Son of a ‘New Deal’ Democratic Congressman, Dingell is known to be forceful and intimidating in the corridors of Congress. But he gets the job done. Perhaps Dingell’s greatest legislative achievements have been in promoting environmental protections and regulations, cleaning the air and the water and protecting species in the United States, whilst paradoxically commanding the scorn of environmentalists for his staunch support of the Detroit auto industry (including steerage of the 2009 bailouts). In 1972, Dingell authored the ‘Clean Water Act’ expanding greatly the regulatory framework of the 1948 ‘Federal Water Pollution Control Act’, keeping the waters of the United States clean for decades to come. He played important roles in the ‘National Energy Conservation Policy Act’ in 1978, the ‘Marine Mammal Protection Act’ and the ‘Pollution Prevention Act’ of 1990. He penned the ‘Endangered Species Act’, and he advocated and lobbied for the creation of the ‘Detroit River International Wildlife Refuge’; North America’s only international wildlife refuge. He also spent 14 years as Chair of the immensely powerful Energy and Commerce Committee, between 1981-1994, and again in 2007-2008. Without Dingell, the foundation of environmental protections in the United States might not exist. Indeed, for his work on environmental issues in the 109th Congress, The League of Conservation Voters gave Dingell a rating of 100%.

However, there remains a paradox. Dingell’s place as top-ranking Democrat on the Energy Committee took an odd turn in recent years, when Henry Waxman (D-Calif) challenged and beat Dingell for the chairmanship of the committee, through concerns that Dingell’s financial support from big auto industry – along with previous attempts to defend big auto industry in Detroit from certain sections of environmental legislation – may prove detrimental to Waxman’s desire to cap CO2 emissions. In 2007, Dingell managed to win several – albeit small – concessions for the auto-industry as Democrats worked to raise the fuel economy standard.

Alongside his defence and protection of the auto-industry, Dingell receives criticism from fellow progressive Democrats for his A+ rating from the NRA. It was Dingell who managed to gain an exemption for firearms from the 1972 ‘Consumer Product Safety Act’. A hugely damaging legacy for gun safety in the United States. Following the Columbine massacre the Senate voted to close a loophole that exempted unlicensed gun dealers from conducting any background checks at gun shows before selling a firearm. Dingell disapproved and offered an alternative that included changing the language for what is to be considered a ‘gun show’ to a very limited scope, and reducing the time taken to perform a background check from 72 hours, to 24 hours.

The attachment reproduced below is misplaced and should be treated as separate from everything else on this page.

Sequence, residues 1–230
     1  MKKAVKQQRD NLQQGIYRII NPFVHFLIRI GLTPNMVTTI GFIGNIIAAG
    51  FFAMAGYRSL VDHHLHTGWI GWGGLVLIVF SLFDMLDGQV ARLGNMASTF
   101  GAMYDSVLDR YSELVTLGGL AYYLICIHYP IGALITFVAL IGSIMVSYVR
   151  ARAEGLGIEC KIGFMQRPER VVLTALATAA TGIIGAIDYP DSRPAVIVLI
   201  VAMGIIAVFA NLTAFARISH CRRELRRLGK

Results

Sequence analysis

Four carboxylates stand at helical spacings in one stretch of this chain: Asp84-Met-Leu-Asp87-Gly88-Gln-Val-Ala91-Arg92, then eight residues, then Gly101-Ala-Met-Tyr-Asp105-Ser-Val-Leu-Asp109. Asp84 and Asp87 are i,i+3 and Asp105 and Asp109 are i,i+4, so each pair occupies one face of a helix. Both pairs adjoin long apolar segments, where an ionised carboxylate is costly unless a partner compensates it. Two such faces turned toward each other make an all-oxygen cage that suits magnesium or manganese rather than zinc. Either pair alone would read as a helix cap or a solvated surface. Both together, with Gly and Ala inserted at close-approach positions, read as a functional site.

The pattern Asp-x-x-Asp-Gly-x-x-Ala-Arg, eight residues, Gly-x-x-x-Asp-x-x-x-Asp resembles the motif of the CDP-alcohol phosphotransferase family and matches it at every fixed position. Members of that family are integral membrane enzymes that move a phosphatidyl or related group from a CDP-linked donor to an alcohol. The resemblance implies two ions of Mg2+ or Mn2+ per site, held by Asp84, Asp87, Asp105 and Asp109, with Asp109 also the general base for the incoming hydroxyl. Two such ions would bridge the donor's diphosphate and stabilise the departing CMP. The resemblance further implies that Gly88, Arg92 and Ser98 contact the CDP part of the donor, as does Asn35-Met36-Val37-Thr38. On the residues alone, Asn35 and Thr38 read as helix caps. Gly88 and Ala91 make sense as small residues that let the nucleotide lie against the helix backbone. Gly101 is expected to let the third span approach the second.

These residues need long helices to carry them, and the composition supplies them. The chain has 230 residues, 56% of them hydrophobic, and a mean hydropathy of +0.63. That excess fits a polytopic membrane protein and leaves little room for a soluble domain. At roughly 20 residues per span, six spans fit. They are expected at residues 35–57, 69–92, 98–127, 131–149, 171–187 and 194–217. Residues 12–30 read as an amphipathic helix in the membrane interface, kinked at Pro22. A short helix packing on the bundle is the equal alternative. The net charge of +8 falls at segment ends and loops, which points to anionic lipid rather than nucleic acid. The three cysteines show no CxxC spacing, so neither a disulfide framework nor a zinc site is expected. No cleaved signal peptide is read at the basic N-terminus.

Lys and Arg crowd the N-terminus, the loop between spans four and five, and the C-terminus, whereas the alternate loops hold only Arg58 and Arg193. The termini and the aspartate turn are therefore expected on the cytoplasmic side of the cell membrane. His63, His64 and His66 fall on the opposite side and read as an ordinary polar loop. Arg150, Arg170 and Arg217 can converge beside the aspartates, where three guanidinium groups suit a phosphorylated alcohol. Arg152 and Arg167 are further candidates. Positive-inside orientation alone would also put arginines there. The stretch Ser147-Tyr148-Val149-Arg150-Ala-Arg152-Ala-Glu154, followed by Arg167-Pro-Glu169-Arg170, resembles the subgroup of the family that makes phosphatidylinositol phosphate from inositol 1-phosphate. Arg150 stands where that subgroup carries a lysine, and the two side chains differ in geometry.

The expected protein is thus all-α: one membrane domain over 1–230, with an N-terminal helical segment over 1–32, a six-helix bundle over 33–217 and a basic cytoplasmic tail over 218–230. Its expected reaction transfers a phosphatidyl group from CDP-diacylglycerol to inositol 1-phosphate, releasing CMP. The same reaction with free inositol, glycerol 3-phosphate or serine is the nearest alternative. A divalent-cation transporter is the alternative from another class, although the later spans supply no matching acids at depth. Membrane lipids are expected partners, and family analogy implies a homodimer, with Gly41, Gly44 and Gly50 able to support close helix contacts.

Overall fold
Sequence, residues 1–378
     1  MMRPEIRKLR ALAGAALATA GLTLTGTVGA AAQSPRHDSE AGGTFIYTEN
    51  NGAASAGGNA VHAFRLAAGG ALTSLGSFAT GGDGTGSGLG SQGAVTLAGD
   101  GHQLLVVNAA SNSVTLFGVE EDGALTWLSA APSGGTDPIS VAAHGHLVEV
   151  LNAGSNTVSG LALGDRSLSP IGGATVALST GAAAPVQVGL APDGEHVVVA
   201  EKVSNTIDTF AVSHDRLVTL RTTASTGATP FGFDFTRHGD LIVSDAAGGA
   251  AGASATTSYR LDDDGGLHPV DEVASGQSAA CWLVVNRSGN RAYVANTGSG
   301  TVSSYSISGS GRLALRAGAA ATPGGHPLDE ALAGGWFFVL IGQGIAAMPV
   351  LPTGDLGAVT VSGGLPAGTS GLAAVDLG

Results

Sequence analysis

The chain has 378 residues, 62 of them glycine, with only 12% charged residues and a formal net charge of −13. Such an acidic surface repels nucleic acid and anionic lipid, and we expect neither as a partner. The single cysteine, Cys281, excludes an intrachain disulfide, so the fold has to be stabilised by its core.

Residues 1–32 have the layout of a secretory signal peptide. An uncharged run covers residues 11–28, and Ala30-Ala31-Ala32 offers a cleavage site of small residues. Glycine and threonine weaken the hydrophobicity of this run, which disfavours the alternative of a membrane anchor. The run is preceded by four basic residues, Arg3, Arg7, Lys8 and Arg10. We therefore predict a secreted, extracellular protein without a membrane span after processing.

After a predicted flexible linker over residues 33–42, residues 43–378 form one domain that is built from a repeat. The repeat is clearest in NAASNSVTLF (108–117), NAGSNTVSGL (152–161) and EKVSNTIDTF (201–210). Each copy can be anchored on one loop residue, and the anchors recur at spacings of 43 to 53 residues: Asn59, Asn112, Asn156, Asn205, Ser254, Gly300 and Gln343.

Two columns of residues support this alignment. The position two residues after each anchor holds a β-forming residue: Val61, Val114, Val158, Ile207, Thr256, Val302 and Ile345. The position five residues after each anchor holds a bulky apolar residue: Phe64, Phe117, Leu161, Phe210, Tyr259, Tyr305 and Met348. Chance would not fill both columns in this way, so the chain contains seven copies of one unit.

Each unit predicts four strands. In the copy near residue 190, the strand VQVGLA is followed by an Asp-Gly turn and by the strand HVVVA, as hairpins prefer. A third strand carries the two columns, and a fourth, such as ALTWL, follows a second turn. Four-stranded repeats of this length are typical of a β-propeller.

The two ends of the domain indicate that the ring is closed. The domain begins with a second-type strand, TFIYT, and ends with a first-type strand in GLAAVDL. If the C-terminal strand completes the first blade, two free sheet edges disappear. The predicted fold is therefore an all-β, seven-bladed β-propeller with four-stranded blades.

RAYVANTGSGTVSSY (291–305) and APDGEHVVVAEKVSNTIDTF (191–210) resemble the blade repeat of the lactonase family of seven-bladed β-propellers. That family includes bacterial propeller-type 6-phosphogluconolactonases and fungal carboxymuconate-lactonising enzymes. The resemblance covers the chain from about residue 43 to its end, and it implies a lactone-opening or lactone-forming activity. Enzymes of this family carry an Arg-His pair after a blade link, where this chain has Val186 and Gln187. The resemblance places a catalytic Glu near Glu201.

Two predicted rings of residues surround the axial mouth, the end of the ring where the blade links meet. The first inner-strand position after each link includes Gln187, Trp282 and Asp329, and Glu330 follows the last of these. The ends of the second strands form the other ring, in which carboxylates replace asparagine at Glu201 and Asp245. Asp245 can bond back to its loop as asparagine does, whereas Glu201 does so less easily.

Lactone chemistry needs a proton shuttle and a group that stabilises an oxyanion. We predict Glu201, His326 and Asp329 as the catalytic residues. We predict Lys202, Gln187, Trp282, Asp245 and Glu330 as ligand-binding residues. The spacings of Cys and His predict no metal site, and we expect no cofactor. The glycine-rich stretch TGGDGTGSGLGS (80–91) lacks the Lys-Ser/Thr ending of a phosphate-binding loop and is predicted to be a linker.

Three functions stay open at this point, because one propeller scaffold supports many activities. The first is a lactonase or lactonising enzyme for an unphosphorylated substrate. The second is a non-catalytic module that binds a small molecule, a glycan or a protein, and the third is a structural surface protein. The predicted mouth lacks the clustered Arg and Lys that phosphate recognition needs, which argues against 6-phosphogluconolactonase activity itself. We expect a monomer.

To some, he was a protector of big auto-industry whose ideas ran out long ago, a roadblock to meaningful emissions standards, a staunch advocate of gun ownership, and an advertisement for term limits, but to others he was the Congressional architect of landmark environmental protections that would last decades, a legacy that no other member of Congress comes close to matching. Whatever one may think of Rep. John Dingell, it is hard not to admire a man who has worked at the heart of, and contributed to the shaping of the United States, swimming the murky waters of Congress, and witnessing the transformation of America on so many levels, for close to seven decades. His is a story to be remembered during this election season.

Israel & Gaza; It isn’t “being selective” that is the issue…. it’s the motive for the selection.

August 11, 2014